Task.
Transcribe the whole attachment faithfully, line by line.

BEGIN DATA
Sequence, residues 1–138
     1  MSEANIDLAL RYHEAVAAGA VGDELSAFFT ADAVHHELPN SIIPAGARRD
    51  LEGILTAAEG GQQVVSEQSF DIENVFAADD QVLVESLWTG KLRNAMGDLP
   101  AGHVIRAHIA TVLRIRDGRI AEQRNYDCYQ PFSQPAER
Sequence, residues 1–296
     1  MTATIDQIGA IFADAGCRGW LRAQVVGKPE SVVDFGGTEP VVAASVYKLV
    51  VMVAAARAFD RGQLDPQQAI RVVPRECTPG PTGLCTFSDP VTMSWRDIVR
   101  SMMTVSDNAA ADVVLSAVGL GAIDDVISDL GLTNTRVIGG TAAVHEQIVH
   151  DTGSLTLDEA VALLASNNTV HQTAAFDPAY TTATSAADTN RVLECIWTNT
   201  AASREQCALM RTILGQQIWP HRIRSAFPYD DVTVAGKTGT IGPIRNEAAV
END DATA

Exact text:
Sequence, residues 1–138
     1  MSEANIDLAL RYHEAVAAGA VGDELSAFFT ADAVHHELPN SIIPAGARRD
    51  LEGILTAAEG GQQVVSEQSF DIENVFAADD QVLVESLWTG KLRNAMGDLP
   101  AGHVIRAHIA TVLRIRDGRI AEQRNYDCYQ PFSQPAER
Sequence, residues 1–296
     1  MTATIDQIGA IFADAGCRGW LRAQVVGKPE SVVDFGGTEP VVAASVYKLV
    51  VMVAAARAFD RGQLDPQQAI RVVPRECTPG PTGLCTFSDP VTMSWRDIVR
   101  SMMTVSDNAA ADVVLSAVGL GAIDDVISDL GLTNTRVIGG TAAVHEQIVH
   151  DTGSLTLDEA VALLASNNTV HQTAAFDPAY TTATSAADTN RVLECIWTNT
   201  AASREQCALM RTILGQQIWP HRIRSAFPYD DVTVAGKTGT IGPIRNEAAV